Right.....as part of my 'getting my life back together' plan I have decided a few days in the sun and get some Vitamin D and boy did I pick the right time as the weather in UK is pretty rubbish!! When I get back I will be in the development stages for my 45-65ish professional singles evenings in Chichester, Bournemouth and Southampton and I expect to see lots of people (male/female) who have experienced the same withdrawal from society symptoms as I have, and now they feel like shaking off the misery, grabbing life by the 'you know whats' and embracing the quality years that they are blessed with. Please pop on to my web site www.southcoastdinnersociety.com and lets get you out there :-)
The latest statistics show that more than a quarter of all divorces were by men and women aged:
Over 50 - the figures from the Office for National Statistics show that around 28 per cent of divorces in 2016 were among this older age group.
The factors for this seem to be mainly:
Life expectancy is increasing – knowing that you have 20-30 more years ahead
Retirement- removes the daily routine of work and might uncover the sad truth that a couple just don’t actually enjoy spending time together anymore
Children growing up and leaving home or those that have stayed together for the children’s sake find that when the dynamics of your relationship change then cracks start to show.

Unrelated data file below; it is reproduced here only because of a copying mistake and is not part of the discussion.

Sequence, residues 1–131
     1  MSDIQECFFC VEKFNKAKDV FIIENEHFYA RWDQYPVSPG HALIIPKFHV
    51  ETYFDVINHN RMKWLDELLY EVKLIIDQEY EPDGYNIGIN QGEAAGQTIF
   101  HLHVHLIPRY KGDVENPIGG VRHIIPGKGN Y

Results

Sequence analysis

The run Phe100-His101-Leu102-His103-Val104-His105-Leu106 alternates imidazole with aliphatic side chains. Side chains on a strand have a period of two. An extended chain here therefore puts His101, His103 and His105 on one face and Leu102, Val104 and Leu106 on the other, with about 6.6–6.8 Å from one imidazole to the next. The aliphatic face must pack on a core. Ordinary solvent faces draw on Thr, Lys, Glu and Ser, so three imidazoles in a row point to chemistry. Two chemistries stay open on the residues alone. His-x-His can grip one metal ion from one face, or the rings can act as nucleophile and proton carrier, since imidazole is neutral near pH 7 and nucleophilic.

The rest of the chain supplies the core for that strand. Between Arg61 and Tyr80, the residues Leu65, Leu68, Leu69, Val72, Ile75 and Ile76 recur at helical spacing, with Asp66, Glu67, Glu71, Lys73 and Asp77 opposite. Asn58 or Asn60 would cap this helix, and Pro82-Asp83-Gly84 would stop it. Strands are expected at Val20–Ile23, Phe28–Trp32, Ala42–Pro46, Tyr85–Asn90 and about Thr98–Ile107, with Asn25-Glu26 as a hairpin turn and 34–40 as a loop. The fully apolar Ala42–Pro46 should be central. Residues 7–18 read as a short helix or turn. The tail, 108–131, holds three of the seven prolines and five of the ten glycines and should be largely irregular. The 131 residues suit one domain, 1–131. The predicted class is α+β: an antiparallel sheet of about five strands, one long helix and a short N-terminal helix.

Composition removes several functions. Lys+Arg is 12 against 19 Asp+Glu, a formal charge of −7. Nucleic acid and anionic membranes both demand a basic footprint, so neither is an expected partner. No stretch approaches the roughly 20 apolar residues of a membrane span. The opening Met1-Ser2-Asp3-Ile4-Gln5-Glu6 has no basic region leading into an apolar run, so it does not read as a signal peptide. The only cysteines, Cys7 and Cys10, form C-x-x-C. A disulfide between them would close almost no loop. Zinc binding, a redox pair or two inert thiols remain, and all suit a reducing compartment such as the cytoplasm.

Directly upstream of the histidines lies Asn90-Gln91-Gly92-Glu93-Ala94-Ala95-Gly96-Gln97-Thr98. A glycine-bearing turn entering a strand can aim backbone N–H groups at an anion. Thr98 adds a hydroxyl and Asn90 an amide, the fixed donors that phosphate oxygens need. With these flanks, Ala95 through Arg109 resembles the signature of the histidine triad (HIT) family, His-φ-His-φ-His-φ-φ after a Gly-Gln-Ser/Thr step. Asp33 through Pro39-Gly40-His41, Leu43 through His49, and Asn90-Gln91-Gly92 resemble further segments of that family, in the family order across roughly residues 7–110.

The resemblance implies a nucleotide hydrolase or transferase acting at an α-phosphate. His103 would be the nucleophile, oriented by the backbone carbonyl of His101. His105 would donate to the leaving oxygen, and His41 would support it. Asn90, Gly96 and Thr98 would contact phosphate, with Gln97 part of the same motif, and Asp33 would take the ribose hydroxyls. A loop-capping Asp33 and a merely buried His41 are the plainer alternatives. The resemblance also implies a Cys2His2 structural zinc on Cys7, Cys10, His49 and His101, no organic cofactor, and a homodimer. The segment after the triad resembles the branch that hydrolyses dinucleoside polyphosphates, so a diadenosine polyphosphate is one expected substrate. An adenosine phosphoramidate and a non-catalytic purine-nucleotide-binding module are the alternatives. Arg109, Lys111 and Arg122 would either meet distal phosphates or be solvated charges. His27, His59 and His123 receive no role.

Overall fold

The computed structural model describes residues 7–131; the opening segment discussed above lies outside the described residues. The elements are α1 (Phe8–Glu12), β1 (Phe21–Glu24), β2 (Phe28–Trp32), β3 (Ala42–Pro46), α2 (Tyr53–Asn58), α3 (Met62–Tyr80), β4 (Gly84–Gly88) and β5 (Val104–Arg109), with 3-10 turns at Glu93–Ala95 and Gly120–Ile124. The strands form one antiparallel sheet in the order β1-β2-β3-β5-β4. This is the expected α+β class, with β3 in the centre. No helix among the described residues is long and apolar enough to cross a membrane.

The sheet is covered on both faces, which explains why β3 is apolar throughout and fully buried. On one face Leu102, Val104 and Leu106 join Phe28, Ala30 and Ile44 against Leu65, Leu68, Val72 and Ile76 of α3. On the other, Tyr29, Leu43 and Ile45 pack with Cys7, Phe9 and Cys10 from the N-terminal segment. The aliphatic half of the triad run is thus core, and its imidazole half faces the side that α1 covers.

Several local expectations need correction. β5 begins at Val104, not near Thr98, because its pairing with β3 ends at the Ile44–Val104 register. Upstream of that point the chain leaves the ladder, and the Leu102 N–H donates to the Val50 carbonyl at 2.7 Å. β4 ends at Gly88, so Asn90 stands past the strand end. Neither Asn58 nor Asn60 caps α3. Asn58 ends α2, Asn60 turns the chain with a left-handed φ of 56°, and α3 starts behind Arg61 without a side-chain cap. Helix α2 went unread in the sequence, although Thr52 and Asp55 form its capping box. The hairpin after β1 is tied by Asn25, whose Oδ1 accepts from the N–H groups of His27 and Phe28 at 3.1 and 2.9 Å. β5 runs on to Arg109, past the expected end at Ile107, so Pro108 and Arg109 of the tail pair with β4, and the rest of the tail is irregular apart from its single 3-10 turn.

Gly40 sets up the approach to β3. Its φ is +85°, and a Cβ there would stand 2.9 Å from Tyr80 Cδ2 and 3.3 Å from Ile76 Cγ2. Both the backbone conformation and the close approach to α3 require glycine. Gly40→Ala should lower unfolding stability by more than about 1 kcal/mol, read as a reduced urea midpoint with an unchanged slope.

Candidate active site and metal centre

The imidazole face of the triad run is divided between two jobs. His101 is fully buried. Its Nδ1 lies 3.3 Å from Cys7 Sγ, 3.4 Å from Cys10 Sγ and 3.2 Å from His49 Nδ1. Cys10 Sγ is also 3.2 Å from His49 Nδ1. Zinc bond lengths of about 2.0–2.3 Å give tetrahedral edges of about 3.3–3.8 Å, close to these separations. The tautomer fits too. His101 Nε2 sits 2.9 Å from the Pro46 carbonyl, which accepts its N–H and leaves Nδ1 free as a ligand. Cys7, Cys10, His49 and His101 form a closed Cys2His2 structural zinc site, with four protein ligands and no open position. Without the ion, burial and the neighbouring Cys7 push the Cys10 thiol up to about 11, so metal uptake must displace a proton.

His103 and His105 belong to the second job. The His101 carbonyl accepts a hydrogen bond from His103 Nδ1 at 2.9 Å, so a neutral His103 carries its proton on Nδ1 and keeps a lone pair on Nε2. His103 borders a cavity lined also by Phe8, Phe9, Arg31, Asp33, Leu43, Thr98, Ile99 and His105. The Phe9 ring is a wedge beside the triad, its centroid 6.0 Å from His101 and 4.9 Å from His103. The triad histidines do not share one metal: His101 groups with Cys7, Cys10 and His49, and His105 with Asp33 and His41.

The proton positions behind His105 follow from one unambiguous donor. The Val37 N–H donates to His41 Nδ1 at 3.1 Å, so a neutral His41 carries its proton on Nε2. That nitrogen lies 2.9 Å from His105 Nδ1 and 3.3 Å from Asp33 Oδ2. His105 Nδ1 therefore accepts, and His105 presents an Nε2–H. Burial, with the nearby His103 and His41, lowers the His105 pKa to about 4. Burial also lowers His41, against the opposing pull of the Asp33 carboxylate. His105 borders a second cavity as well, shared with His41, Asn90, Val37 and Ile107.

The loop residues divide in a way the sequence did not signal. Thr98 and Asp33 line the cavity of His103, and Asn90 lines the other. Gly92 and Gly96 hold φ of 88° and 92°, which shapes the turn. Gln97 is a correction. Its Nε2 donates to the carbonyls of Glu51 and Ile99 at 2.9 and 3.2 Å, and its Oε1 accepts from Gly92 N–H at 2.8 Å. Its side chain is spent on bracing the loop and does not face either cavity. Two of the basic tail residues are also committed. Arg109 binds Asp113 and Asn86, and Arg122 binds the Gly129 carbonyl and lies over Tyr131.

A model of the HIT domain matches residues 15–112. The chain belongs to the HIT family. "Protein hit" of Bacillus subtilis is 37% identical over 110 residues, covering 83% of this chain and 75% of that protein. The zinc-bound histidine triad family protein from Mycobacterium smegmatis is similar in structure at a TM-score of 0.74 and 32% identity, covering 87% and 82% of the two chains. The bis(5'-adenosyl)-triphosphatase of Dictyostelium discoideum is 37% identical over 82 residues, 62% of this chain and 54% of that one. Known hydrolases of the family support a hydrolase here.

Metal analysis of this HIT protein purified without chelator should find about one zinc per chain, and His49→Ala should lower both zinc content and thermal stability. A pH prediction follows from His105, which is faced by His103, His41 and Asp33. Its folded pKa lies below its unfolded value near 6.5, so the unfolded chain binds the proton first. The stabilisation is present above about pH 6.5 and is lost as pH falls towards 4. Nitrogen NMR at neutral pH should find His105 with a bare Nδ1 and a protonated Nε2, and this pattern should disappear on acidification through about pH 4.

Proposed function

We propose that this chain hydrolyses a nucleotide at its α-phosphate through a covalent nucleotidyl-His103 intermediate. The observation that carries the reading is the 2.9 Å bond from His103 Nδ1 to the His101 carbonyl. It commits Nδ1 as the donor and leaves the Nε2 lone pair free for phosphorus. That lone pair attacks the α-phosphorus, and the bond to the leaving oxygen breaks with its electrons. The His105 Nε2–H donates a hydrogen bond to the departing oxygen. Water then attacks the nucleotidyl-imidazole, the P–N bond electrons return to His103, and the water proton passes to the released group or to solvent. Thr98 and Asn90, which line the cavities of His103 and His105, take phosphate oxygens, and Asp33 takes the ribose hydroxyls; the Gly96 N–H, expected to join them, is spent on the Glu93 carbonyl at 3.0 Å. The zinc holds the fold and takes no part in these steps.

Over 60’s - for many couples, moving into their 60s means significant change to their lives.
The issues are less about childcare, access and maintenance and more concerned with pension rights and inheritance planning. If one or both partners ends up re-marrying or cohabiting there is a need to protect assets and liabilities both for their dependent children and their new partners.
The increase in later life divorce means it is crucial to identify ways to make splitting pension assets easier.
The need to create a court order to do so could be prohibitively costly for some and an added stress at an already highly-emotional time.
Loneliness - those who divorce and do not remarry in later life are at increased risk of loneliness.
One in 10 over-60s say they feel lonely some, if not all of the time.
The subject of loneliness is still taboo in the UK and the stigma around admitting loneliness needs to be addressed.
Mental and physical health Divorce doesn’t just affect the finances of individuals who leave a marriage, often mental well-being is impacted in the short-term which can in turn lead to a physical deterioration over the longer term.
Men are particularly at risk after divorce as they are more likely to turn to institutional care than women who are more likely to rely on their families for support. (last weeks blog)
Some support links below: